A Twenty Minute Silence Followed By Applause / Shawn Wen (review)

 

 

by Noah Sanders


 

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2017 was a shining year for essay collections and short stories by women. Too Fat, Too Slutty, Too Loud by Anne Helen Petersen takes a magnifying glass to the way female celebrities are criticized and punished for crossing over invisible boundaries of behavior. In The Mother of All Questions Rebecca Solnit continues her patient, meticulous exploration of the way that gender shapes and limits women’s lives.

Carmen Maria Machado’s stunning fiction collection Her Body and Other Parties (review) uses fairy tale and horror influences to outline the experience of being a woman today with terror, tenderness, and humor. Wait Till You See Me Dance by Deb Olin Unferth is filled with short, sharp stories, brutal and funny; check out “Voltaire Night” at the Paris Review for a taste. At the end of 2017, Kristen Roupenian’s short story “Cat Person,” describing a female college student’s awkward sexual encounter with an older man, generated a huge conversation about the short story as as form and won Roupenian a seven-figure book deal.

41pBtH0x6GL._SX349_BO1,204,203,200_Reading these nonfiction collections, I stopped frequently when Petersen or Solnit crystallized some aspect of my experience that had never been described to me or named. Women who read these essays will find themselves setting their books down for a moment and wondering at seeing the secret rules and pressures of their lives suddenly made explicit on the page.

Machado, Unferth, and Roupenian’s short stories feel insistent, uncomfortable, and difficult to pin down. In a conversation with a friend about Her Body and Other Parties, we both acknowledged that there were several stories in the collection that we were unable to summarize, as they ended with no clear sense of what was metaphor and what truth, of which events were delusion and which were real. Wait Till You See9781555977689 Me Dance has stories which I adored and which I can’t stop thinking about, months later, and that I nearly wish I could un-read, so bleak are their declarations about human nature. The experience of reading these books, and the universal female cringe response to “Cat Person,” feels a lot like reading the news in this moment when we are reckoning with the horrifying ubiquity of sexual harassment and assault. In these stories the truth is tricky, and slippery, and often unbearably ugly, but we cannot look away.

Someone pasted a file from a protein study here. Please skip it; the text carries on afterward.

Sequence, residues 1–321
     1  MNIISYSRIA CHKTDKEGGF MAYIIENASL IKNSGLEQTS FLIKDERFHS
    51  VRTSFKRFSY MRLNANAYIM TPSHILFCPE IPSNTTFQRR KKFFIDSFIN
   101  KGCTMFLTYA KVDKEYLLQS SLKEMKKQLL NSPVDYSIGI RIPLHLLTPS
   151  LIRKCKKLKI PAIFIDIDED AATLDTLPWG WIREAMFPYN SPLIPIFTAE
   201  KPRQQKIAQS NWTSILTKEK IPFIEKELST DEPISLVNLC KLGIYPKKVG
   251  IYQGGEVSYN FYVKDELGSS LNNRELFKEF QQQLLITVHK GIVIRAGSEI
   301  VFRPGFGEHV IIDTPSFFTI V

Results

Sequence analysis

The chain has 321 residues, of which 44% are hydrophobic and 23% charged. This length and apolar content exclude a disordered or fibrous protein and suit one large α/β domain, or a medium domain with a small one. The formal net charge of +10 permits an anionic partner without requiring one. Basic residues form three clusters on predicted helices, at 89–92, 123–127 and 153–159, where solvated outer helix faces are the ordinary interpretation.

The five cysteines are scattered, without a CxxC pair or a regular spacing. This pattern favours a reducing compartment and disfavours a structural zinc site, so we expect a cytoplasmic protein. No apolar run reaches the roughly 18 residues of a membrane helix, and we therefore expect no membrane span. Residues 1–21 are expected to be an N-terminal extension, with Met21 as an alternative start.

In the news, and in their writings, women used 2017 to capture with greater honesty the shape of our world. Hopefully in 2018 the world will continue to learn how to listen.

by Wesley Cohen


Poetry

 

9781555977856This was such a remarkable year for poetry that it’s hard to mention only five books, but the most stunning book of the year was Danez Smith’s second collection, Don’t Call Us Dead (Graywolf Press). Smith, as Orpheus, travels through various underworlds of poverty, disease, and state-sanctioned murder to enact lush, lyric resurrection. Lessons on Expulsion, by Erika L. Sánchez (Graywolf Press), is another bright spot, a vivid, muscular work that blooms wildly over borders of nation, family, and womanhood, illuminating shifting territories of danger and desire. In Calling a Wolf a Wolf by Kaveh Akbar (Alice James Books), Electric-Arches-051117-for-thumbnailaddiction’s voracious appetites are redirected outward to exalt the sensual and spiritual realms with the gift of obsessive, loving attention. Natalie Shapero’s Hard Child (Graywolf Press) is by turns a gutting and hilarious look at motherhood and how the journey through that terrain reshapes the self. Finally, Electric Arches by Eve Ewing (Haymarket Books) is a fitting book to end this list on, as it conjures the future most clearly. Through a hybrid of poetry, prose, and visual art, Ewing’s generous eye enriches all it settles on, surreally enlarging the possibilities of blackness, girlhood, and the city in strangeness and beauty.

by Luiza Flynn-Goodlett